I am also an ardent opponent of the trans ideology. I don’t hate transpeople, and realise that there are also good reasons why some feel their only recourse is to transition to being a member of the opposite sex. But I feel it has become a pernicious ideology that encourages the transition of troubled people, particularly young women and children, for whom it most definitely is not the answer, and that there is a danger from trans-identified males in women’s spaces. This makes me an odious transphobe in the eyes of many, although I firmly believe that the science and stats are on the side of gender critical feminists, those dubbed TERFs.

I’m therefore very definitely the wrong type of candidate, which the cowering Blairite Starmer definitely wouldn’t want as MP.

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4 Responses to “Email from the Labour Party Asking Me If I Want to Be An MP”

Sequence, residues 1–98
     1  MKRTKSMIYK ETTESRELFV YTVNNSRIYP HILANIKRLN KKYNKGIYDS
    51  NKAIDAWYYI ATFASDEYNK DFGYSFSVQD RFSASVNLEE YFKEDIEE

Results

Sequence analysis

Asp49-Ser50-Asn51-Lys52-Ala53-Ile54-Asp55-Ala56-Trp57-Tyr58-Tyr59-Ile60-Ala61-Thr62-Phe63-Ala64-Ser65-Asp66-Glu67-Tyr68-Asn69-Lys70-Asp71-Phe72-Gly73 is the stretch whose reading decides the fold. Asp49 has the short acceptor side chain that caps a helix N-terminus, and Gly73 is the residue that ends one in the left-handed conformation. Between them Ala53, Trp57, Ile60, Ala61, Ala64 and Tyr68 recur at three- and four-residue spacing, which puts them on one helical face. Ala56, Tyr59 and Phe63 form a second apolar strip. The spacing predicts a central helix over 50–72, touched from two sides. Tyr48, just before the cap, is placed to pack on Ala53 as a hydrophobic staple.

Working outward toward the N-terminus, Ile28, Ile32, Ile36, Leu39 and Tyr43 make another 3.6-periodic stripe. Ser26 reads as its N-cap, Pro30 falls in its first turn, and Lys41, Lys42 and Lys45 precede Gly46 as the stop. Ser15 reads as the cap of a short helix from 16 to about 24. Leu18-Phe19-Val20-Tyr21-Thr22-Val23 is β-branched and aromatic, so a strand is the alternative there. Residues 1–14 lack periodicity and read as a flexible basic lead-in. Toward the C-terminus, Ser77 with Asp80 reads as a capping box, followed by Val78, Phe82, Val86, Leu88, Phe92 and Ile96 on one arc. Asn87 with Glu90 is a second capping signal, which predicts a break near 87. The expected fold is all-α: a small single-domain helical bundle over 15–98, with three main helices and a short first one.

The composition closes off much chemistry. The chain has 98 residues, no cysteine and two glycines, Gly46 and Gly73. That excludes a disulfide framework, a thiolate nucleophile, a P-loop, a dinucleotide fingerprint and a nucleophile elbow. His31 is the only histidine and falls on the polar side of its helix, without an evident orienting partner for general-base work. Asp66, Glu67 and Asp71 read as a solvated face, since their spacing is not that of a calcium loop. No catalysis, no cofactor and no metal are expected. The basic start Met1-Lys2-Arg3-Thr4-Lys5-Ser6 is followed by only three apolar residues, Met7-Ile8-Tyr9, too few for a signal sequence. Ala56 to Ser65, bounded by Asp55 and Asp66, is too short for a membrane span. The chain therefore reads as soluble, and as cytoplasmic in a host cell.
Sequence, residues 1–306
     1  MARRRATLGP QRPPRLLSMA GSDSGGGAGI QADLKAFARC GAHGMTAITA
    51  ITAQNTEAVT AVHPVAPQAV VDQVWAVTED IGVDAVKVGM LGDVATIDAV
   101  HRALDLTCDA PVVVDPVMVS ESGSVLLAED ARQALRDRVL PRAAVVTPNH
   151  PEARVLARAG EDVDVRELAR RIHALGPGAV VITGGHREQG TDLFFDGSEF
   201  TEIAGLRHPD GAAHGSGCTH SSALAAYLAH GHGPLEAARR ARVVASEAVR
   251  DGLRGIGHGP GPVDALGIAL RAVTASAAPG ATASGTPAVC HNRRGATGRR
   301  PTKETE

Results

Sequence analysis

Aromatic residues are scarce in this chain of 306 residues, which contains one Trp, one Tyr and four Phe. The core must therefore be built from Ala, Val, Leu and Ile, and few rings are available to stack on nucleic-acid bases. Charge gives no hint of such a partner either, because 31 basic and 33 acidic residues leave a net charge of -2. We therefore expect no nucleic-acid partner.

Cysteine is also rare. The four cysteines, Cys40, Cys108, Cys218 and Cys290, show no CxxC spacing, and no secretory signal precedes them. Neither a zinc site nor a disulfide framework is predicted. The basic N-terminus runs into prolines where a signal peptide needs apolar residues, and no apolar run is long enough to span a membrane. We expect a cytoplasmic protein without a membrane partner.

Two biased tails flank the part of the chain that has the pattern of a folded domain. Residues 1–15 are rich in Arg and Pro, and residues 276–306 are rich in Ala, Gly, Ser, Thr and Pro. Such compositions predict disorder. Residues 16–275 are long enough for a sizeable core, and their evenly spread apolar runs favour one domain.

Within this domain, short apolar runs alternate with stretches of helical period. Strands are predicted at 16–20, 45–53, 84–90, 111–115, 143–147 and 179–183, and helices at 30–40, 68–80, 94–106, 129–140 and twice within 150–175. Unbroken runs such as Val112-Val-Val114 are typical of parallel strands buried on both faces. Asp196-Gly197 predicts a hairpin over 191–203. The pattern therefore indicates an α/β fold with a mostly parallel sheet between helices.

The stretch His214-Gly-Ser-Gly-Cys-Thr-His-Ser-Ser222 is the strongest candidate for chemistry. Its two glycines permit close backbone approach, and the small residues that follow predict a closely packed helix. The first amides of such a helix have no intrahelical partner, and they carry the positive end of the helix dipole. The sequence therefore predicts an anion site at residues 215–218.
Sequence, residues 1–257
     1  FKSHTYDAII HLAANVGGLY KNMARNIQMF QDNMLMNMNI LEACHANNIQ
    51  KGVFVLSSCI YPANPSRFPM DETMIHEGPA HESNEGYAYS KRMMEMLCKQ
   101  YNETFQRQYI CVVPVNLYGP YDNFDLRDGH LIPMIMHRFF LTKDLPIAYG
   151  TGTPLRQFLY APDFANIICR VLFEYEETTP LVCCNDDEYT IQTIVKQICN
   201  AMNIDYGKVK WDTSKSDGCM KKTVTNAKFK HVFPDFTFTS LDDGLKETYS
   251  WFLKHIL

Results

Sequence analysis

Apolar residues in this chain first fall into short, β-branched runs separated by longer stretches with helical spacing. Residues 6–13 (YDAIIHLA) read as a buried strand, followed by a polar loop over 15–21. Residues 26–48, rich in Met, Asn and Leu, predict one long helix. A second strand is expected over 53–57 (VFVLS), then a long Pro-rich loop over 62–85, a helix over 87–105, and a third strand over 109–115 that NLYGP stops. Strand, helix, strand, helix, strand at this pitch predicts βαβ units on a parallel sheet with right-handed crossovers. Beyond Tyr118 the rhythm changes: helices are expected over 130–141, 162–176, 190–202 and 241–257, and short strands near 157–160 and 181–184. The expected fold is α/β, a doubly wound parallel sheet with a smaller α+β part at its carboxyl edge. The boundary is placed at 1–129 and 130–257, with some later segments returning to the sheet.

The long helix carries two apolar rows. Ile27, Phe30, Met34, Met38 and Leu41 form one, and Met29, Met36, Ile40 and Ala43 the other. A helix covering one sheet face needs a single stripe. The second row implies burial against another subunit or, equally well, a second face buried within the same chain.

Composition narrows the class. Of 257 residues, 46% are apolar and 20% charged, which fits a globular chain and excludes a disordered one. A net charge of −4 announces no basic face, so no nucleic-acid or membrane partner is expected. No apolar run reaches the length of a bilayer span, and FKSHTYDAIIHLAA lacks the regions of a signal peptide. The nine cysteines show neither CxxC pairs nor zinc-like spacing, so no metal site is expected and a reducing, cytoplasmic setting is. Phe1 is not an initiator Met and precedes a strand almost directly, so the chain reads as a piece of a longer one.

1. Brian Burden Says:

    Lucky you. I’ve not had an invite so far. If you got elected, you could have the joy of Starmer suspending you!

    • beastrabban Says:

      Sorry about that, Brian! Do you think perhaps they’ve decided that one of the Labour MPs in Bristol is a bit too left wing, despite the fact they were nearly all opponents of Corbyn, and want someone to replace him/;her? If so, they definitely won’t like me. I think if I did get elected, I’d be suspended almost immediately.

  2. Brian Burden Says:

    “I support Jeremy Corbyn and reasonable criticism of Israel.” Kier would surely find an antiSemitic trope in that.